Reader Mailbag: Picnics

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What’s inside? Here are the questions answered in today’s reader mailbag, boiled down to five word summaries. Click on the number to jump straight down to the question.
1. Snowballs and variable rate loans
2. Frugal haircut strategy
3. Startup farm funding
4. Sunday paper cost effective?
5. Debt payoff or emergency fund?
6. Hiding money from social network
7. Car payment options
8. Cost effective car washing
9. Investing beyond savings accounts
10. Trade school

I really enjoy picnics. I love loading up a basket or a backpack with a meal, going to some unusual place, spreading out a blanket, and enjoying a meal with my family and/or with friends.

To me, spring has officially started when we go on our first picnic. We would have done this over the weekend, but our family had several Easter weekend invites, so we didn’t get out there.

Saturday has a high in the sixties. I’m already planning the picnic basket.

Q1: Snowballs and variable rate loans
I have about $65,000 in student loans to pay off, with rates that vary between 4.5-10%.

I am working hard at paying my debt down, but I’m torn between which loan to start paying off first. I’ve been working on paying off my loan with the highest interest (about $16,000 at 10%), but as I’ve been reading more, I realize that my next highest loan ($4,000 at 7.14%) might be a better idea because it’s a variable interest rate. All of my other loans are at lower fixed rates.

Do you think it’s smarter to try to knock this $4,000 variable rate loan out, or should I just concentrate on paying down the $16,000 loan? I’m just worried that the stability of that variable rate loan.

(To help, it will take me about 4 years to pay off the 10% loan, at which point I’d snowball that payment towards the variable rate, or I could knock this variable rate loan out in about a year)
- Megan

From a pure interest rate standpoint, you should always pay down whatever debt has the highest rate at the moment. Don’t worry about what interest rates might be in the future. Focus on what the rate is right now.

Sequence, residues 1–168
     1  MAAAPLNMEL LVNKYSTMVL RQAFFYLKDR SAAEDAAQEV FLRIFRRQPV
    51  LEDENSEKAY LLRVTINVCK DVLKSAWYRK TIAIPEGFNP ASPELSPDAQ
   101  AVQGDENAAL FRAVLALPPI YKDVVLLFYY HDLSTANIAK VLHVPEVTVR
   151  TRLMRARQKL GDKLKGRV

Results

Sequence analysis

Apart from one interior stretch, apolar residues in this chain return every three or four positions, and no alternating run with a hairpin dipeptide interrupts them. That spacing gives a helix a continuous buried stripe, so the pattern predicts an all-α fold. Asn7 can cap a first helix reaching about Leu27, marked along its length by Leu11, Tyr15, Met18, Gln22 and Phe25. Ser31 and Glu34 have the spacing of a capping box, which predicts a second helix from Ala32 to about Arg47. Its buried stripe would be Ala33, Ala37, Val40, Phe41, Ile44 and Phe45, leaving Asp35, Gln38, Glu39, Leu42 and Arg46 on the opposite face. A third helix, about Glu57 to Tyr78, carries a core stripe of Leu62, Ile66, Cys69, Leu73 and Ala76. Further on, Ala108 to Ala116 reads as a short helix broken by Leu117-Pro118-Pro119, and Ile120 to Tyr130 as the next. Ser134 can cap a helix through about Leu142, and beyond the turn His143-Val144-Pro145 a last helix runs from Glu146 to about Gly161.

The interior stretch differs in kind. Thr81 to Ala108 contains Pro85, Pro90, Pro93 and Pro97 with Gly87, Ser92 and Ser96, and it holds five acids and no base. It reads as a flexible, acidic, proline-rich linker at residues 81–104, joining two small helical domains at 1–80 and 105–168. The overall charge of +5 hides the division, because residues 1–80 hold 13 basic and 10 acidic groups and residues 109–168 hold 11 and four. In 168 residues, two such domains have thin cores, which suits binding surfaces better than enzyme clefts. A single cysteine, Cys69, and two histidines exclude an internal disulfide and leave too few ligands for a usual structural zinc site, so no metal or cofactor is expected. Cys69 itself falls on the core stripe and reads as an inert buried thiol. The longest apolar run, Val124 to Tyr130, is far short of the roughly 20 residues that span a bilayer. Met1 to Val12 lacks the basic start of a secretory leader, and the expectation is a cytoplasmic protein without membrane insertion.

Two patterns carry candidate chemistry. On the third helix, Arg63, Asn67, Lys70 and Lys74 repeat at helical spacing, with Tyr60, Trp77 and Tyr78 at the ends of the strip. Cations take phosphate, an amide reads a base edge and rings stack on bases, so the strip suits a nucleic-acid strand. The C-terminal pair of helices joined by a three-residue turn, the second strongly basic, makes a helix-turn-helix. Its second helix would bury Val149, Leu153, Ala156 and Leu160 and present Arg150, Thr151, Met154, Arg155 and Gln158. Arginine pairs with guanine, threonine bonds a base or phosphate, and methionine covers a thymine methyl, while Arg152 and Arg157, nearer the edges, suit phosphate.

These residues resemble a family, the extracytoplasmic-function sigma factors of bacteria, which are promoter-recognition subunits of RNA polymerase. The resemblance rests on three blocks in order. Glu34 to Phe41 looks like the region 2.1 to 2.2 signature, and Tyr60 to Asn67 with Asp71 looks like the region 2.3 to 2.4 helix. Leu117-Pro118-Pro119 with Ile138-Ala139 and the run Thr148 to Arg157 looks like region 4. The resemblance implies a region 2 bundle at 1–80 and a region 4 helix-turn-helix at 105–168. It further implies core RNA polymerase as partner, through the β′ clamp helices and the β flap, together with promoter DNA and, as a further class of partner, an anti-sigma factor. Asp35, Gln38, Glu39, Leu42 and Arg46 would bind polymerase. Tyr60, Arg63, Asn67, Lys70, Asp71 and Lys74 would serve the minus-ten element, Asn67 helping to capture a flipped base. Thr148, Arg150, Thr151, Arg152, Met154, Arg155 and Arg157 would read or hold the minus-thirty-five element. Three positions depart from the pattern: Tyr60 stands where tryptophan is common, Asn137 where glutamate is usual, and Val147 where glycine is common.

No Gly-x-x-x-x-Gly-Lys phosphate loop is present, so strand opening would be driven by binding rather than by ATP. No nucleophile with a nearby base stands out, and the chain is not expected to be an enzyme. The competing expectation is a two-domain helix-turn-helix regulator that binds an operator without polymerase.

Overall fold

Given that, you should focus on paying down the $16,000 loan.

However, there is still logic in paying off the other loan first. You’ll get it paid off far faster than the bigger loan, which will improve your cash flow and give you a sense of success over your debts. This is the Dave Ramsey plan, and I think it has value, too.

My take? Pay off the one you want to pay off first. The interest rates are close enough that you’re not gaining a whole lot by doing things “perfectly.”

Q2: Frugal haircut strategy
I’ve gone to the same barber for twenty years, but now he’s closing up shop and retiring to Texas. This means I need to find a new barber. I went to two different places in town. One did a so-so job but was cheap. The other one did a great job but was really expensive. How do you find a good barber for a good price in a town?

- Frank

Obviously, trying barbers until you find one you like is a good approach. Don’t be afraid to just keep trying them. If you find one has a high price, don’t get your hair cut there.

Another approach is to just ask around. Find out where others get their hair cut. This is the type of information that people are usually happy to share.

Generally, I just go for the place that gives me a decent haircut at the lowest price. I have two places I like, but one of them has very erratic hours.

Q3: Startup farm funding
I am wondering if you know anything about start-up funds for beginning farmers? It’s an occupation that seems to be going by the wayside with increased globalization. I’d really like to start a CSA after college with my partner who has also had this agrarian dream his whole life. I have read about guaranteed loans from the Farm Service Agency as well as direct loans, but it seems like the funding for those is used up quickly, and to whom, I’m not sure. I am overwhelmed by the funding process to say the least and was hoping to acquire just a touch of your sage advice as to the steps you would recommend taking.

- Diane

I would talk to other CSA owners. I’d find ones that are reasonably local, but not ones you’d be directly competing with, and ask them how they acquired startup funding.